by J.A. Savage
branding isnŐt a bad thing. At twenty-five cents less per can, the grocery chain tuna is as good, and apparently as dolphin-safe as premium labels. In a blind taste test, my dog could not discern the difference between white-label chunks du boeuf and Alpo.
But generic approval for all things nuclear strikes me more like recent reports of taco shells -- generic and otherwise. They might all appear the same on the outside, but they are very suspicious indeed.
The Nuclear Regulatory Commission, at the urging of the nuclear industry and its henchperson Senator Pete Domenici (R-New Mexico), is going the way of all things generic. According to the feds, a storage cask for high level radioactive waste is a storage cask no matter where it's bolted down. The NRC maintains an inspector is an inspector whether s/he has a background in engineering or operations. And a license to operate a reactor an extended 20 years is just that, whether it's in freezing Wisconsin or earthquake-prone Southern California.
Unlike the 1970s and 1980s, where massive public awareness of the safety, and later, the economic hazards, of nukes halted all new projects, the teensy glimmer of activism that might appear now is completely obliterated by the ultimate impact of the NRC's plans to genericize all things nuclear.
The NRC and industry vehemently reject they are being secretive about making nuke oversight generic, but their tempers belie their actions. The NRC says: "Everything is published in the Federal Register. Everything is on our Web site." Alas, invoking regular readers of the Federal Register rather narrows what could be called "public openness." And it takes a huge amount of stamina to wield the "public's" cyber machetes through the impermeable NRC Web site, only to find documents unreadable (as in plain English) or simply broken.
My favorite example of the NRC's "openness" was telling me the agency was welcoming public comment on the current proposal to generically re-license nuclear plants for an extra 20 years.
The agency had exactly one public meeting before closing the public comment period for the generic re-licensing of all reactors -- at its headquarters in Maryland. The NRC points to several regional meetings on reactor re-licensing, but those are under the current rules, not the proposed generic rules that would do away with regional meetings. And for weeks prior to its October 16 deadline for public comments on generic re-licensing, if someone really was able to hack through the NRC Web site and find the tiny print leading to a form to register feedback, that one feedback mechanism, and only that one on the relevant list, was broken. No alternate instructions were available for feedback.
full impact of generic re-licensing, generic approval of dry cask storage and generic plant inspections, is that the people most impacted by the hazards of running reactor and resultant radioactive waste no longer have any say about the nukes in their backyards. They, for instance, might be able to apprise the NRC of a problem with shifting sands along Lake Michigan where a dry cask storage facility might have its foundation blown out from under it. Or the NRC might find out about odd impacts of earthquakes not assumed in the reactor's original Environmental Impact Statement, but recent temblors offer experience. Or, the public might advise the NRC that a particular reactor in the desert might have constant operational problems, while a reactor in the Gulf might have perpetual engineering problems.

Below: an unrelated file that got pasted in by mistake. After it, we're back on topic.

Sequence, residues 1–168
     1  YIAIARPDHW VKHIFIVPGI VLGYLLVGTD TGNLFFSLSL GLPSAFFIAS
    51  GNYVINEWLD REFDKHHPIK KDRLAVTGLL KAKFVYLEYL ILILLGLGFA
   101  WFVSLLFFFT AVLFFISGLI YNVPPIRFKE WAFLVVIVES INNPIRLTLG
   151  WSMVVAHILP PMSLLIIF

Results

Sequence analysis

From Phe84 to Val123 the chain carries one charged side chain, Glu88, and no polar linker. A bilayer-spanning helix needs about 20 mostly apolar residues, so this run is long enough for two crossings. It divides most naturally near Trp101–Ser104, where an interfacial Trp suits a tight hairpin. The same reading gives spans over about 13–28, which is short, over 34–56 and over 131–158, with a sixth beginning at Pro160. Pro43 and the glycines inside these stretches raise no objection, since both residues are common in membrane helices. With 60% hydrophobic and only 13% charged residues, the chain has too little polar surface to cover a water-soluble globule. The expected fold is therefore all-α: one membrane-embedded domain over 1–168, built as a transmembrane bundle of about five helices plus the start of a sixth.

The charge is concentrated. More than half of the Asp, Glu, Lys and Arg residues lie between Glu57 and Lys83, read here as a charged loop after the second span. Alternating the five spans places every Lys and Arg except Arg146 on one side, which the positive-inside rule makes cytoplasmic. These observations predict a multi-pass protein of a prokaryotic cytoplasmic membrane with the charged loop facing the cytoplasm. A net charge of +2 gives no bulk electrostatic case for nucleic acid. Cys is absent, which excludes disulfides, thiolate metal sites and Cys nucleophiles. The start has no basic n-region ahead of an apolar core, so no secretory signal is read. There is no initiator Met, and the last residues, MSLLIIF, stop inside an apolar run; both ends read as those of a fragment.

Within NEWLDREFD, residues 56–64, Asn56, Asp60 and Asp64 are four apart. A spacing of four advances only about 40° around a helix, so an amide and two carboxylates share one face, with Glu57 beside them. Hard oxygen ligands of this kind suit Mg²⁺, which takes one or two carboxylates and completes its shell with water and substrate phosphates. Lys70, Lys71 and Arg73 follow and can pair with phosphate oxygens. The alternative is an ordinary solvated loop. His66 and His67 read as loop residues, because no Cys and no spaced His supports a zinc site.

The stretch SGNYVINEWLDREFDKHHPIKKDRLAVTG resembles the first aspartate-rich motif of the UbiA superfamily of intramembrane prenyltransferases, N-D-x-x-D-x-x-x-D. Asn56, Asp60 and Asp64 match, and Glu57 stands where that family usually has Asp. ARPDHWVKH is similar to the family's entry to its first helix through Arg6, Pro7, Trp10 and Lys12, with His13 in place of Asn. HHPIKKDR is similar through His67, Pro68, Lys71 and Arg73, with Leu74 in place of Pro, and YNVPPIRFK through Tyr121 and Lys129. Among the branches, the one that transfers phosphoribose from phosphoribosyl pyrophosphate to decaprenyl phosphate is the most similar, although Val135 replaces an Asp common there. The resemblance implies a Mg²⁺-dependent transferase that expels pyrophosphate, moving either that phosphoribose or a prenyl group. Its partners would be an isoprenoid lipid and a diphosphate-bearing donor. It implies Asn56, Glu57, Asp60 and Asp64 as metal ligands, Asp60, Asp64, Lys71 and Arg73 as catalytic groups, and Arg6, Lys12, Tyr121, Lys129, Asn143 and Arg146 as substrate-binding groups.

But the public is completley foiled in these endeavors due to the NRC's white label products. Generic inspection requirements no longer let inspectors focus on what they deem necessary, they can only fill in the blanks as if all reactors and their human operators, designers, construction workers -- and oh, the weather -- remain constant. Generic storage doesn't take into account shifting sands. Eneric re-licensing doesn't appreciate reactor sales to sleazy corporations.
I'm not the only one with a problem over the NRC's and industry's drive to genericize nuclear reactor operation, safety and waste storage. There are two or three others -- of the hundreds of millions that could be affected if generic oversight doesn't work. They get paid by non-profit organizations to keep track of it. They fight it when they can in the halls of the Capitol and across the shiny floors of NRC's Maryland headquarters. They are few. They are losing.
They are losing because nuclear plants might be in the backyards of a lot of people, but the folks in San Luis Obispo aren't so anxious to get involved in a plan for a reactor in Pennsylvania -- even if it's the same generic plan.
In the event that locals actually do find out about a change in their local nuke -- say on-site storage at Diablo Canyon -- there is no way to make their views known once a generic approval is issued because the powers that be have already made up their minds for them for the sake of streamlining the process. By removing the immediacy of changes to reactor operations in "backyards," the NRC is finally able to do what it the old AEC (Atomic Energy Commission) did -- encourage and assure nuclear power from on high, without the messy business of local politics and public input.
I'm going to check that "dolphin-safe" warning with Earth Island Institute and see if the generic brand really follows up on its promises. At least as a consumer, I have a choice, unlike being a victim of unintended consequences of genericisizing radioactive perils.
December 11, 2000 (http://www.monitor.net/monitor) All Rights Reserved. Contact firstname.lastname@example.org for permission to use in any format.
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